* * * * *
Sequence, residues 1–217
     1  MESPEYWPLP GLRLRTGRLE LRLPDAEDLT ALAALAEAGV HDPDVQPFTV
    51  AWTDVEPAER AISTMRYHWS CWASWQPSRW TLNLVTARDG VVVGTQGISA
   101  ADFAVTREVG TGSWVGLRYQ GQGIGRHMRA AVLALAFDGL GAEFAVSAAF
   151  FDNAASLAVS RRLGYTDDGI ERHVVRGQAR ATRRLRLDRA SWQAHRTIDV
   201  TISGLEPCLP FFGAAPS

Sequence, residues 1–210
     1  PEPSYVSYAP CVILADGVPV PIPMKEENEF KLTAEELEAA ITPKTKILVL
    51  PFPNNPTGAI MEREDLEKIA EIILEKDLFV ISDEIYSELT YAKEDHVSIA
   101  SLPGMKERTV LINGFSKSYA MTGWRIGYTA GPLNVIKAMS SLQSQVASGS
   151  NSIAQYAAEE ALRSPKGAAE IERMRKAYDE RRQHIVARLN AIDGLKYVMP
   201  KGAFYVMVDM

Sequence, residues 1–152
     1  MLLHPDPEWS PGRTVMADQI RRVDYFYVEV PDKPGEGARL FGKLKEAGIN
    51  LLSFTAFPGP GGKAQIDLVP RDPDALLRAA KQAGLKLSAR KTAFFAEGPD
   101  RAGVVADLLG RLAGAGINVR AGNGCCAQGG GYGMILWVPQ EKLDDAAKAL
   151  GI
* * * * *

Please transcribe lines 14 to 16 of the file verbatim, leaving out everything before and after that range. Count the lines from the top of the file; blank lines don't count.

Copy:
     1  MLLHPDPEWS PGRTVMADQI RRVDYFYVEV PDKPGEGARL FGKLKEAGIN
    51  LLSFTAFPGP GGKAQIDLVP RDPDALLRAA KQAGLKLSAR KTAFFAEGPD
   101  RAGVVADLLG RLAGAGINVR AGNGCCAQGG GYGMILWVPQ EKLDDAAKAL